South African producer-price inflation was unchanged at 5.2 percent in December, giving the central bank room to keep interest rates at their lowest level in more than 30 years to stimulate growth.
The cost of goods leaving factories and mines fell 0.1 percent from the previous month, Pretoria-based Statistics South Africa said on its website today. The median estimate of 12 economists surveyed by Bloomberg was for an annual gain of 5.5 percent.
Economists predicted producer-price inflation will accelerate as fuel and food prices rose and the rand weakened. The currency dropped 6.5 percent against the dollar since the start of this year, the world’s worst performing currency after Malawi’s kwacha, boosting import costs.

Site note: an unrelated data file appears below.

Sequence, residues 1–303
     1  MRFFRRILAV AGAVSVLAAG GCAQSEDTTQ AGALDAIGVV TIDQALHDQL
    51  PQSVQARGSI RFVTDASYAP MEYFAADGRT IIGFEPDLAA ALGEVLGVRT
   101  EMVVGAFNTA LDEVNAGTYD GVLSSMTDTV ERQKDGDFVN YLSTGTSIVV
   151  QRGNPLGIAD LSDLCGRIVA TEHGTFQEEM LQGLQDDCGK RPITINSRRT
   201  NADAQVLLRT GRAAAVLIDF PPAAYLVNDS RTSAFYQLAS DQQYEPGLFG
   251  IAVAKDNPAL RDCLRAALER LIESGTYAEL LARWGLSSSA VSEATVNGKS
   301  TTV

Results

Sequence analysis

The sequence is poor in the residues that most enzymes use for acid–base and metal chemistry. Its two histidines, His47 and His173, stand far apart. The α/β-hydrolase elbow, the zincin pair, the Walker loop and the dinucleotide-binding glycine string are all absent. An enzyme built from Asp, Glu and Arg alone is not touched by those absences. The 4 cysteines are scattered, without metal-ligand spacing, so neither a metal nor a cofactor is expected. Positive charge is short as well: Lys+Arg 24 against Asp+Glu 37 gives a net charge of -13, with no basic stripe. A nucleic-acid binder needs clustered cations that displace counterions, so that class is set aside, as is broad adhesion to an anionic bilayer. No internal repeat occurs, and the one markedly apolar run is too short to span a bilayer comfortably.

“The short-term outlook towards inflation doesn’t look good,” Colen Garrow, said in an e-mailed note to clients before the data was released. “A lot will depend on the rand exchange rate. The year hasn’t got off to a good start.”
Every 1 percent decline in the rand adds as much as 0.2 percentage points to inflation, according to Johannesburg-based Standard Bank Group Ltd. The central bank aims to keep consumer- price inflation, which accelerated to a seven-month high of 5.7 percent in December, within a range of 3 percent to 6 percent.
To contact the reporter on this story: Mike Cohen in Cape Town at firstname.lastname@example.org
To contact the editor responsible for this story: Nasreen Seria at email@example.com